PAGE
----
Do astronauts have internet in space?

Just noticed this interesting detail from the PBS NewsHour/YouTube/Google webcast earlier today, in which Miles O'Brien interviewed astronauts from the space shuttle and International Space Station about life in space -- while they were floating around in space. At one point, Miles asked astronaut Greg Johnson (pilot for the shuttle STS-134 mission) and Ron Garan (a current member of the International Space Station crew) a question posed by a YouTube viewer: "What kind of Internet connection do you get up there? Is it fast? Any restrictions, wink wink. What's the IP range of visits from outer space?"
GREG JOHNSON: Good question, DJ. As shuttle guys, we really don't partake in the Internet. We've got synchronizations with our emails. It kind of gives us a pseudo-email or pseudo-Internet to communicate with our families and friends and our associates. However, I'm going to pass this to Ronnie because on the station, I believe that they have a better Internet than we do on the shuttle.

RON GARAN: So this is something that is somewhat new is our capability to use the Internet. And how it works is we can be on a laptop here on the International Space Station and basically control remotely a PC or a computer down on the ground that is connected to the Internet. So it's - we're limited to when we have the correct communications coverage to be able to be on the Internet and there is some lag in it. So it does work slower than you're probably used to on the ground. But it's a very useful tool. And it really helps us to stay connected with what's going on, on the Earth.

Full transcript here. By the way, some of the astronauts mentioned during the webcast that they are tweeting from space, and you can follow them as they post photos and observations. Clearly, Twitter is not making them stupid.



  1. I predict that 50% of readers will read that headline twice and say, “Oh, internet.”

  2. The tubes don’t go that far? Surely they are sitting next to a satellite? ffs. Give them the innernets.

  3. Yes, follow the astros on twitter! The twitter nasa/space community is very active, and NASA has a large presence there. (some of us even got to go to the STS-134 launch…. :)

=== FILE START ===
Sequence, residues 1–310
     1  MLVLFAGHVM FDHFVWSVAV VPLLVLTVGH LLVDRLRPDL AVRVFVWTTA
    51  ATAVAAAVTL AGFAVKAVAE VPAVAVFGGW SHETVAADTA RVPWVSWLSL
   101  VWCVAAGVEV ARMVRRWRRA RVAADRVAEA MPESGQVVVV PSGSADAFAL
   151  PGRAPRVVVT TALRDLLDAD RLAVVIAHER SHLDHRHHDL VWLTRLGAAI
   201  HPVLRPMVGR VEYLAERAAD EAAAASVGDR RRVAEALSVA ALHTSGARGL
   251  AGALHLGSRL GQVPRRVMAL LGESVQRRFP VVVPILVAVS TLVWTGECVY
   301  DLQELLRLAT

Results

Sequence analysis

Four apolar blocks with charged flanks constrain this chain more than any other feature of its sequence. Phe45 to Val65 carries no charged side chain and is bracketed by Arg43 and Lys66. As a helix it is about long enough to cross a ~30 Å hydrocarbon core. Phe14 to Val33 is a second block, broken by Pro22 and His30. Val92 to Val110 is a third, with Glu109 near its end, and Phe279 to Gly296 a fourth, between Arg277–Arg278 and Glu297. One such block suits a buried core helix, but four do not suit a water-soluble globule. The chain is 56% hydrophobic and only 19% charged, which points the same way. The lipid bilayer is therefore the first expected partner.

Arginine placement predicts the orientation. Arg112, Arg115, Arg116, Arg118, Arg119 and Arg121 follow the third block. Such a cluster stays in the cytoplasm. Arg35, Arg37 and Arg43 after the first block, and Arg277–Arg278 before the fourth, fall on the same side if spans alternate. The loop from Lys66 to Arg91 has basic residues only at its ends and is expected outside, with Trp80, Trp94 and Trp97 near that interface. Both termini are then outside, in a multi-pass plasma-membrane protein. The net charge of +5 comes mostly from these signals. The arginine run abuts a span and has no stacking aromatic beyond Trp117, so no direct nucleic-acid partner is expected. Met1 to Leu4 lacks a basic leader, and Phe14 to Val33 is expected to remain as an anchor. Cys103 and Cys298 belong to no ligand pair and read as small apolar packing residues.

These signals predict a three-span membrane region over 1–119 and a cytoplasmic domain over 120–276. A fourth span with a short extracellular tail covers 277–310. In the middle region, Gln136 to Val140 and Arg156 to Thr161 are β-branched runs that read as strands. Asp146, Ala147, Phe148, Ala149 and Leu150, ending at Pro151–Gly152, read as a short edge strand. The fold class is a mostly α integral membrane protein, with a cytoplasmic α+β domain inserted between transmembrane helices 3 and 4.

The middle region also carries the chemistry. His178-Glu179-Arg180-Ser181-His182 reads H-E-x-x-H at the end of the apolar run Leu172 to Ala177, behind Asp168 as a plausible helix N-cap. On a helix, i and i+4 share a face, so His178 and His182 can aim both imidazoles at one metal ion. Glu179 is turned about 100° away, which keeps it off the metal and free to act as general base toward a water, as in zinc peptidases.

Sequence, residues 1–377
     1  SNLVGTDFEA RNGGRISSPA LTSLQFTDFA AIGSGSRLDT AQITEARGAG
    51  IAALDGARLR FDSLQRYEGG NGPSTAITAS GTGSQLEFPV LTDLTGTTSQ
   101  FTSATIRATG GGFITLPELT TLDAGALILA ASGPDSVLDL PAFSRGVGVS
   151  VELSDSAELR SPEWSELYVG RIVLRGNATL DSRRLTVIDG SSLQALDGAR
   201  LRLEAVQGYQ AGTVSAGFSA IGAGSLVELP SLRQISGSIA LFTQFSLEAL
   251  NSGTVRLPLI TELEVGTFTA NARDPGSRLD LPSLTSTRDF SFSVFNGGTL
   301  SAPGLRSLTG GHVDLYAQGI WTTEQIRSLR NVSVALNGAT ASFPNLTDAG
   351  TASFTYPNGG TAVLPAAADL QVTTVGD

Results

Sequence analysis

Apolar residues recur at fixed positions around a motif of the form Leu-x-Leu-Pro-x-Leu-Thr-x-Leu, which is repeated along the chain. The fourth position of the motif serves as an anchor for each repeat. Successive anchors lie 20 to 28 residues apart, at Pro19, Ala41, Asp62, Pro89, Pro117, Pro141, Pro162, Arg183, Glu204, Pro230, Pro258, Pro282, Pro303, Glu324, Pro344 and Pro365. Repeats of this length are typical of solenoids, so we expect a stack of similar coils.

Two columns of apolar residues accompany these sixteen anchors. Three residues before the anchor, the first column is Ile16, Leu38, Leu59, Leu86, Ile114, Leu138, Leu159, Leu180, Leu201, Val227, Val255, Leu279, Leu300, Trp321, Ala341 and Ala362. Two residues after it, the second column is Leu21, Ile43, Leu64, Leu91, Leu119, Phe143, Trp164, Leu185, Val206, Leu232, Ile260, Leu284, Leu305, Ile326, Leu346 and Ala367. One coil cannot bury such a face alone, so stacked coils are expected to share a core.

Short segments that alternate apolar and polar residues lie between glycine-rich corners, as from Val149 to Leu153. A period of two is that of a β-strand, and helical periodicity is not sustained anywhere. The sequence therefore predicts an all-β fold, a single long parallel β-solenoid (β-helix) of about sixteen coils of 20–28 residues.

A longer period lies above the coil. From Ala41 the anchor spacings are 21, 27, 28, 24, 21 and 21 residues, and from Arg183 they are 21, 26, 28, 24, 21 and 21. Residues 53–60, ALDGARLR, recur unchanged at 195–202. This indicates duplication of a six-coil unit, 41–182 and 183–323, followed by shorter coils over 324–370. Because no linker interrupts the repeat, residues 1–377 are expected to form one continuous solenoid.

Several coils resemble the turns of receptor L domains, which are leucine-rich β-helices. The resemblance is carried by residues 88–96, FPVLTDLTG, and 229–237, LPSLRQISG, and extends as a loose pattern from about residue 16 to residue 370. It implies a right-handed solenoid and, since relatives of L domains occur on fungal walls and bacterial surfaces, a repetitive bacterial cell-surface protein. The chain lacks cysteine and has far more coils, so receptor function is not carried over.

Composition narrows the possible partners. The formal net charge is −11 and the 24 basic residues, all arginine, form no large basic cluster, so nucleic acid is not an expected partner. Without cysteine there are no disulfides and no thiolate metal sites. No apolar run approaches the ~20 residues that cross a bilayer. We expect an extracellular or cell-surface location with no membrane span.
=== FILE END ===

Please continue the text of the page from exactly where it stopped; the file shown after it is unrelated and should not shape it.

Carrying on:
4. do they have an open wi-fi hotspot … you know, just in case i’m wardriving in the area

  5. The best part of this whole thing is the new phrase, “Sex Hat.” I’m all over that.

  6. The latency to ISS orbit is actually not bad, light speed delay is somewhere on the order of a millisecond. The bigger problem is that the station is moving very quickly (over 17,000 mph), so in addition to having to switch antennas frequently, the radio transceivers have to compensate for some pretty heavy doppler shift.

    In terms of solvable problems, it isn’t that big a deal, they’ve got comms to the station all the time, but hooking up the internet over those channels isn’t a big priority.

  7. Still a much better internet connection than Bin Laden had. It was getting expensive sending those little flash-drive ferrying rockets up from local internet cafes.

  8. The latency to ISS orbit would be a couple of milliseconds direct from a ground station underneath- but the shuttle is served by NASA’s Tracking and Data Relay Satellite System TDRSS satellites in geostationary orbit, so there’s a geostationary hop with handovers between geostationary footprints to allow longer communication. TCP performance through geostationary satellite is not high, but it does work – as DirecPC users will attest.

    Shuttle network technology is pretty old – 70s at best – and modern technology has been retrofitted. The OCA Orbiting Communications Adapter allows Ethernet onboard, with an interface to the legacy Consultative Committee for Space Data Systems CCSDS protocols used for shuttle communication. The International Space Station has routers and switches onboard – Cabletron and HP Procurve – to support all those shuttle and ISS Thinkpads. Not sure if they’re still using the old IBM qualified stock; I doubt they will have switched to Lenovo.

    Astronauts dictated the ‘first tweet from space’ and it was typed in on the ground. Remote access to a computer on the ground reflects security concerns, reluctance of CCSDS proponents to support IP, and management and monitoring of astronaut activity.

    Outside NASA, the Internet in space is more advanced. There are Cisco routers on satellites at LEO and GEO. The SSTL Disaster Monitoring Constellation DMC satellites all use IP for telemetry and data delivery, as did some other missions. Also read Keith Hogie’s papers on the Mobile IP experiments conducted with a payload carried in the bay of the last Columbia mission.

    And that Wikipedia article on Interplanetary Internet is pretty weak.

    1. Well, I was in a hurry! Sorry about that.

      Last I heard, the 486 was still the fastest space-qualified x86 processor…

  9. GREG JOHNSON: yo DJ you want to ******* know what kind of ********** internet we have? we have SATELLITE ******** INTERNET. cuz this is a M*****F****** SATELLITE, DJ!

    RON GARAN: yeah i don’t think you want to be on a soyuz launch or **** with like a cat-********-5 cable hanging out the ******* ******** window you know what i’m saying.

    GREG JOHNSON: **** yes, i do know what you are saying

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